This organizational method focuses on the relation of ideas, or nodes, to one another. It’s more visual and freeform than a traditional, linear outline. Some people find it very difficult to construct and process information this way; others find it essential to thinking clearly.
The iOS app is extremely capable while being easy to use. It has most features of the macOS version; you can compare the feature set using this chart.
- Themes: There are several pre-made themes to choose from, but you can also create your own from within the app.
- Colors: There’s a decent palette of colors to use; you can also set a node’s color using hex codes.
- Fonts: You can change the font of individual nodes.
- Linetypes: You can vary the thickness and continuity of lines and arrows. You can also choose from a few shapes for your nodes.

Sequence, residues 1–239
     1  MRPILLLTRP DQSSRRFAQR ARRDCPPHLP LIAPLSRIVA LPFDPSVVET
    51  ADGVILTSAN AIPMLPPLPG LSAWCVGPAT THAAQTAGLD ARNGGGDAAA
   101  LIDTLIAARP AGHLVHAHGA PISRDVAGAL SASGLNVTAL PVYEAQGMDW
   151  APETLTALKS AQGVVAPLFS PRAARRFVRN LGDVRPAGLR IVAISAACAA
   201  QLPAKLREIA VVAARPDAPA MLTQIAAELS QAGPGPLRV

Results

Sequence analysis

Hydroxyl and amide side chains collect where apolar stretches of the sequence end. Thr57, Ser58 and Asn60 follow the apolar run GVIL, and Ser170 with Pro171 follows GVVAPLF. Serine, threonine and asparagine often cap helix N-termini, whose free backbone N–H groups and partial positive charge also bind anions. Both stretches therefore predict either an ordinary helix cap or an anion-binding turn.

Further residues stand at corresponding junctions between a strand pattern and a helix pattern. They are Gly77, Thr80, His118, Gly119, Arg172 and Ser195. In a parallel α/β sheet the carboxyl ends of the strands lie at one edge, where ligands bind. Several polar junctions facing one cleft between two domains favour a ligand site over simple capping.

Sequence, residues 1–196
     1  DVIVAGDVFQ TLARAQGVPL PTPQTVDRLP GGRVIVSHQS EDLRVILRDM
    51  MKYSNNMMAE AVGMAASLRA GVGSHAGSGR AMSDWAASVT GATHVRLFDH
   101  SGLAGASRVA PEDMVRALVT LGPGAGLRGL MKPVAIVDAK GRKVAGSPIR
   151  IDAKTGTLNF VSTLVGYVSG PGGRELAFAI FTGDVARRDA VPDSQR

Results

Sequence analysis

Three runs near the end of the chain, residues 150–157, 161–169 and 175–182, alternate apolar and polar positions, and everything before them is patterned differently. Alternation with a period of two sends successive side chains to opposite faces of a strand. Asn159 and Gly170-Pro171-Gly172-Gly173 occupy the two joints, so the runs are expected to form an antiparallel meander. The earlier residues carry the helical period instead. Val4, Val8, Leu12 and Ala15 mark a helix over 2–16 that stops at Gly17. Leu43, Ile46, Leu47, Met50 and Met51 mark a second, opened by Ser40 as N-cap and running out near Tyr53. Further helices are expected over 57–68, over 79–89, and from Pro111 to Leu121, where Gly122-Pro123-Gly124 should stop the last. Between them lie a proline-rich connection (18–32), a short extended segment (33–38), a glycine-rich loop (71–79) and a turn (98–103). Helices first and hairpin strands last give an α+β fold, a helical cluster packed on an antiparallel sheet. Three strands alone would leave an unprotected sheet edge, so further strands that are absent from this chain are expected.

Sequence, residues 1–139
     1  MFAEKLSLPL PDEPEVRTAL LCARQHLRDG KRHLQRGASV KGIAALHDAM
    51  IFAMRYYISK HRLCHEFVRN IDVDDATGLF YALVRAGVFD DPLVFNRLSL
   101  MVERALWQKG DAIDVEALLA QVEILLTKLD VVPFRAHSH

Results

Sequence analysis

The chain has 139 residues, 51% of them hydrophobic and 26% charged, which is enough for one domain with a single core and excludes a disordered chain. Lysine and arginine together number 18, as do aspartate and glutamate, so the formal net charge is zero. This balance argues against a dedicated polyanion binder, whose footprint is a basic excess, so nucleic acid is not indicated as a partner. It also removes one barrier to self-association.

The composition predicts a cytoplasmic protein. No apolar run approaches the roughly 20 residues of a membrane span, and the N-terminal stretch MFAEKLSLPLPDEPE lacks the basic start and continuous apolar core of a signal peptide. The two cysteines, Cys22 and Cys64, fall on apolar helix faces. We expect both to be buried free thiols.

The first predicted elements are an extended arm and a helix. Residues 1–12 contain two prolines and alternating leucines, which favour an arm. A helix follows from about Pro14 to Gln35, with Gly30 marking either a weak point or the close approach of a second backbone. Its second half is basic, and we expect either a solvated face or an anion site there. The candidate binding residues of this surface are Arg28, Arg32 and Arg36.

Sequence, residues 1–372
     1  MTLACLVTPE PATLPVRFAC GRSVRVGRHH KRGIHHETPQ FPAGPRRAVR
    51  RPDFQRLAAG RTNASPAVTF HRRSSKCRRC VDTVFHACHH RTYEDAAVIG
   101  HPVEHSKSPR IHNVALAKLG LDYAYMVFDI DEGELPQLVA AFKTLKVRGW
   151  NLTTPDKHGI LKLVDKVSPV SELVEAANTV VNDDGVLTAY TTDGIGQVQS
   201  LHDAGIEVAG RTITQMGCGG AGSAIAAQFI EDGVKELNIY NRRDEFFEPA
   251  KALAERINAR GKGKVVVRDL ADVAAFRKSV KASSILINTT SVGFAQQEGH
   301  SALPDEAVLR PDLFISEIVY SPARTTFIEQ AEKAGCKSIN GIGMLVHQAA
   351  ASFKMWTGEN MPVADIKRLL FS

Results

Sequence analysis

- Styles: Once you’ve applied these options to 1 node, you have the option of applying the style to all nodes or selected ones.
As you build your mind map, MindNode builds an outline off of the content. This is something that really appeals to me. The mind map layout forces me to minimize my words, but this mode allows me to quickly see the ideas in a more linear way when that’s more useful.
There are about 15 different exports; here are a couple surprising, extremely useful options.
- Markdown outline: Create a mind map, then export it as Markdown to Ulysses (i.e. your Markdown app of choice) to flesh out a post/essay/novel.
- OmniFocus: Plan your project in MindNode. Mark actionable nodes as tasks. Export to OmniFocus, and items are added to your inbox with hierarchy and completion status intact.